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Electric Ducted Fan Jets Discuss electric ducted fan jets here including setup tips, power systems, flying techniques, etc.

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Old 10-29-2011, 11:58 PM   #1
pattern14
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Default Hobbyking He 162

Being primarily a scratchbuilder, buying something like this would not even be considered, until very recently. The strength of the Aussie dollar has made the bargain prices from HK even more economical, and I did have an ulterior motive in using the He 162 kit as a "3D" plan so as to make one from EPP. For $75.00, I could not even buy a block of EPP foam for that. Tasmania is wonderful to live in, but EVERYTHING is shipped in, as nothing is manufactured here, and the rip-off Australia postal service has a monopoly on prices. A couple of years back I saw one advertised by "Starmax", and I suspect there may have been a thread somewhere on it (maybe R/C groups?), and so assumed it was a HK clone. It turned out to be the starmax one, so I can only surmise that HK is the distributor, or recieved a shipment of them. Either way, it arrive boxed up from the warehouse a couple of weeeks back. The biggest surprise was the scale like appearence; it really does look identical to the real thing. I'm trying really hard to be objective about this plane, as I am normally quite cynical about ARF's and such ie; parkzone, alpha etc, and usually refer to them as flying eggshells. This one looks like it would disintegrate if you dropped itbeer cooler crap foam, no wing spar(!!!!!), the tail looks like it would snap on the first landing, and the asssociated hardware looks decidely fragile. Nothing like a challenge.......the first thing I did was to remove all the electrics and replace them with quality items. Then I balanced the EDF unit, which vibrated like a harley on first test run, but ended up being quite smooth from mid range on, after I had pulled the impellor on and off countless times, moving it in increments. The 40 amp esc replaced the stock item ( the manual stated 25 amps, the esc said 30 on the cover?), and made it interchangeable with my GWS 64mm unit which is much more effficent. I'll try the stock unit first just to see how it goes. Next was to remove the front servo and linkages for the nose wheel, and take out the cheap and nasty looking battery hatch. It will be a belly lander/handlauncher, so I'll be saving weight and drag on the whole undercarriage thing any way. That gave me ample room to hollow out the front area of the cockpit for a bigger battery, and use the battery hatch to house the ESC. The mock gun ports will be hollowed out to allow air entry around the ESC for cooling. The original placement looks like it would have fried, having no air access what so ever. Its fragility though is my biggest concern.....having had some success with taping the radian wings, and addding cf rods and ribbons gives me hope, as I do regard pz "z" foam as truly miserable. If I keep the weight down to an absolute minimum, tape all the surfaces, including taping the wings and tail on instead of gluing(), and run very lightweight cf along critical stress areas, I might just get away with it. Not crashing would probably help as well. Still, having parts of the plane break off in flight would be keeping with the scale effect anyway. I'm a huge fan of all the luft jets, real, planned, or imagined, but the he 162 is my least favourite. It achieved nothing, killed more pilots than were lost to enemy action, and to the best of my knowledge, was never credited with a single certified victory. It deserves a place in history though, so I'll let you know how it goes....cheers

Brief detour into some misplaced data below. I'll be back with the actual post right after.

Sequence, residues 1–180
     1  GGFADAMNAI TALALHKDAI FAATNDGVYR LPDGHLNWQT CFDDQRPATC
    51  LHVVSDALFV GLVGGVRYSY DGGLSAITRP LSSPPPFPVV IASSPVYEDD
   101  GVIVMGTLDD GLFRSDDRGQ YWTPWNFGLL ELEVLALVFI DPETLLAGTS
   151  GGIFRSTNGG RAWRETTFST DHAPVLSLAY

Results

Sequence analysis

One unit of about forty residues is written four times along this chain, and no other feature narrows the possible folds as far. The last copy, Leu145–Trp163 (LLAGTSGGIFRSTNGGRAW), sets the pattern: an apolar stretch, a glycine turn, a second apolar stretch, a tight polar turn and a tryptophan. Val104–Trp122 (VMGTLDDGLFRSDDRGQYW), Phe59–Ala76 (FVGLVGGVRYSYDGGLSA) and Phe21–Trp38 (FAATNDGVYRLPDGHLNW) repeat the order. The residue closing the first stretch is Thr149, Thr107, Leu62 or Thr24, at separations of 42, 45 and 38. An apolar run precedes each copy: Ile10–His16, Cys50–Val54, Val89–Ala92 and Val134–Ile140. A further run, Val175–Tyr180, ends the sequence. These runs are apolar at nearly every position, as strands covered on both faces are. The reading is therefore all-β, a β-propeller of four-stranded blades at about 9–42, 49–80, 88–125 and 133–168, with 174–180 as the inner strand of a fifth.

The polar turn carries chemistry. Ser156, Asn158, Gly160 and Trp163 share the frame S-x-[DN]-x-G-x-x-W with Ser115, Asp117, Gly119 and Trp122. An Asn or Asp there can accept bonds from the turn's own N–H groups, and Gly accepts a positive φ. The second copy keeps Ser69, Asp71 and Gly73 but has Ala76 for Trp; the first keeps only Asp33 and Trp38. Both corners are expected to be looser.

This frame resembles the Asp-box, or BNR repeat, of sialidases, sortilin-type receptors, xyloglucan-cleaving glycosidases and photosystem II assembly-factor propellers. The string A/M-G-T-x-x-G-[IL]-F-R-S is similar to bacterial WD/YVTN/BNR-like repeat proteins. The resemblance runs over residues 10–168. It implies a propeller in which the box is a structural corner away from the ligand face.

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Old 10-30-2011, 08:10 AM   #2
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I can't wait to see how this mod goes Michael .
A fragile ( in your own words) airframe for starters of a suspect full sized aircraft. Now that's a challenge as if your weather conditions weren't bad enough!!!